Brexit Rift Widens as Speculation Mounts on Johnson ResigningBy and
Foreign secretary teases May with hint that he might step down
May to hold Brexit cabinet meeting Thursday, official says
U.K. Prime Minister Theresa May is locked in a battle with Boris Johnson that could alter the course of her Brexit strategy, with her top diplomat dangling the option of stepping down.
The Daily Telegraph, a Conservative-leaning newspaper for which Johnson used to write, reported that he was ready to resign before the weekend if May embraces a “Swiss model” for Brexit that has the U.K. paying to retain access to the European single market. She is due to give a landmark speech on her Brexit vision on Friday in Florence, Italy.
Late on Monday Johnson openly discussed leaving office in an interview. On Tuesday he joked about the Cabinet being a “nest of singing birds” when intercepted by reporters after a jog in New York. He told them he wouldn’t resign.
May will renew her efforts to show who is in charge on Thursday, with a special cabinet meeting on the eve of her Brexit speech. She told reporters on a trip to North America on Monday that Johnson’s 4,000-word essay on his Brexit vision wasn’t authorized and that she is in control.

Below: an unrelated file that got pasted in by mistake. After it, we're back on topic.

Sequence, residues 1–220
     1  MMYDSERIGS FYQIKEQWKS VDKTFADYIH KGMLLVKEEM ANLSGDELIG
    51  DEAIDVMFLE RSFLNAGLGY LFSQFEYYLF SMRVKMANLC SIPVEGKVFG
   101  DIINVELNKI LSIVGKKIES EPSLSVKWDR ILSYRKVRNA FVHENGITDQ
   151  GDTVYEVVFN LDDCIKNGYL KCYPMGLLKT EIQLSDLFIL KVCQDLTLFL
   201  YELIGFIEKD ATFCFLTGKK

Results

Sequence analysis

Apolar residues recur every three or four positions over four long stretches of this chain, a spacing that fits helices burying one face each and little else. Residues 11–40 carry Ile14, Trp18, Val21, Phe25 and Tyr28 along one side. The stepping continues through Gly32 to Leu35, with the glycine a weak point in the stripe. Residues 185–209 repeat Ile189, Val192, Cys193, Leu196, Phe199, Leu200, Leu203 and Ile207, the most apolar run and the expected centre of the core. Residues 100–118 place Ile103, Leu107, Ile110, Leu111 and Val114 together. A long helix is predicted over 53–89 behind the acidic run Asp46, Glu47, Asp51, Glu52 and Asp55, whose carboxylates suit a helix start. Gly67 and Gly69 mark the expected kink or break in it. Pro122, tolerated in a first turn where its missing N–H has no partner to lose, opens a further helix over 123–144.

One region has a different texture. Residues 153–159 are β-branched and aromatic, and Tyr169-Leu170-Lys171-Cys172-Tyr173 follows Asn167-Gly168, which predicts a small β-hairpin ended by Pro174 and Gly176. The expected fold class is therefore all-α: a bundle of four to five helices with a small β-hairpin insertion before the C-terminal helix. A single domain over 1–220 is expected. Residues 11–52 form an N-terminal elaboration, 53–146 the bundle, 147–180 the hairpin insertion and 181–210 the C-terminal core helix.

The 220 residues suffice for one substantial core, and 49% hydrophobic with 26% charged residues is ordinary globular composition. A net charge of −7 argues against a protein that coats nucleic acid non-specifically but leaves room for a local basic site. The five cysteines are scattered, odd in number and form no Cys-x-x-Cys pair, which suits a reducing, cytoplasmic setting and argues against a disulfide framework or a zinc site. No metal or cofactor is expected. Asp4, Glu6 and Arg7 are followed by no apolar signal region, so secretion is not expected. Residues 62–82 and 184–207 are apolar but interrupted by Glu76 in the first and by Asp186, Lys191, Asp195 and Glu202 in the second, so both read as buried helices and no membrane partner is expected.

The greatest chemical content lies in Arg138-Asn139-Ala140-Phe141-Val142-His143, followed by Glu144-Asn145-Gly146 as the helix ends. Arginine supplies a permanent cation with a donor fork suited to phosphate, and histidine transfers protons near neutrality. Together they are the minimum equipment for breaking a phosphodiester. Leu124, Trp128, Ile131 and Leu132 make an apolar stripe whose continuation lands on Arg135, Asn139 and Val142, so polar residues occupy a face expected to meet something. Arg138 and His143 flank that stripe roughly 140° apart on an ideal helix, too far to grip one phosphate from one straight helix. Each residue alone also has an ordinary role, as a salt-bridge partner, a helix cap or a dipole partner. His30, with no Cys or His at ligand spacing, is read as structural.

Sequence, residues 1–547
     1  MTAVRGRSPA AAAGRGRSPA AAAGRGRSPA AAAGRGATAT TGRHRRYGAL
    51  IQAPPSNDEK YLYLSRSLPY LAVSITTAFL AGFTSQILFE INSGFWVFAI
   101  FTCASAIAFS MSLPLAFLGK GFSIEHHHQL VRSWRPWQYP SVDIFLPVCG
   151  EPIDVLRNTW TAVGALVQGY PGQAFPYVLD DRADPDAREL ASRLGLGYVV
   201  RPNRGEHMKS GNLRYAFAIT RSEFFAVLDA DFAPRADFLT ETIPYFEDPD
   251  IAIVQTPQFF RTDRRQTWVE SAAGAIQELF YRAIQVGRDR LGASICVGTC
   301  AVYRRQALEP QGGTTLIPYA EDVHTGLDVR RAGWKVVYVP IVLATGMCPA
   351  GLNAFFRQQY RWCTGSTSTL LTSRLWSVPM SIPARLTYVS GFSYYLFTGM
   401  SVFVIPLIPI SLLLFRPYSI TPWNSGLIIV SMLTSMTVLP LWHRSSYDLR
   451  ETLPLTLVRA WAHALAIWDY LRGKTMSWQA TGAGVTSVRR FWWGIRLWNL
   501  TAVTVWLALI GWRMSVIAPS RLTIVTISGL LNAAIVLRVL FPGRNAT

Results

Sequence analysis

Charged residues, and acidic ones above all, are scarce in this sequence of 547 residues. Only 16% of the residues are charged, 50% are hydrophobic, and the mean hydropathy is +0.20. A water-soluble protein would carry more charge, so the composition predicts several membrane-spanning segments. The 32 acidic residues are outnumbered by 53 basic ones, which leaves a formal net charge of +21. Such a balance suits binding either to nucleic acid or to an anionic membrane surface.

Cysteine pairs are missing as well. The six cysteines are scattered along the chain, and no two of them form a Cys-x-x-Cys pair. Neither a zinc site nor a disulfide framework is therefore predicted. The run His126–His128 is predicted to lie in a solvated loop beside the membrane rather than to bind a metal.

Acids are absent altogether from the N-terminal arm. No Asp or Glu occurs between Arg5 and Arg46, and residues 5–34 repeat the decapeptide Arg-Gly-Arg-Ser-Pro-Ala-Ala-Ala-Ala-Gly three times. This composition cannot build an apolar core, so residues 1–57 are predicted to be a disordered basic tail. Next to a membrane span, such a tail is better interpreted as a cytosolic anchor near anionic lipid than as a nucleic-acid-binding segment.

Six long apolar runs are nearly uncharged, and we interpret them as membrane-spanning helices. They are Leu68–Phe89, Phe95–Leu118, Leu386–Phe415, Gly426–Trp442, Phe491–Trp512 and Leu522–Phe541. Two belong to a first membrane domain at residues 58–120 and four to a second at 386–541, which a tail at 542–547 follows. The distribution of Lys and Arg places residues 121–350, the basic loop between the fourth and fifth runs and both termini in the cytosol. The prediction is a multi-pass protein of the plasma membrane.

Johnson’s maneuvers have thrown plans for her Florence speech into disarray. She is hoping to break the deadlock in negotiations, which have stalled over the question of the U.K.’s divorce settlement. There is speculation May will use her speech to signal that Britain will keep paying money to the EU after it quits the bloc, as part of efforts to ensure a smooth transition.
May’s authority over the Conservative Party was shredded after she called a snap election and lost her majority in June. Colleagues including Chancellor of the Exchequer Philip Hammond, who wants to maintain ties to Europe and was previously shut out by May, have now gained greater clout. Johnson released his Brexit vision just as the rest of the Cabinet was mostly coming together around a common stance for the split.
His foray risks the wrath of colleagues as he’s perceived as putting his own ambitions ahead of government unity. May needs to make a political calculation if she can afford to let go of him or if she still needs his stamp of approval.
"There are rules called collective responsibility," former Tory Chancellor Kenneth Clarke told BBC Radio 4. "Sounding off in this way is completely unacceptable. Unfortunately after the general election it’s difficult for her to sack him."
— With assistance by Svenja O'Donnell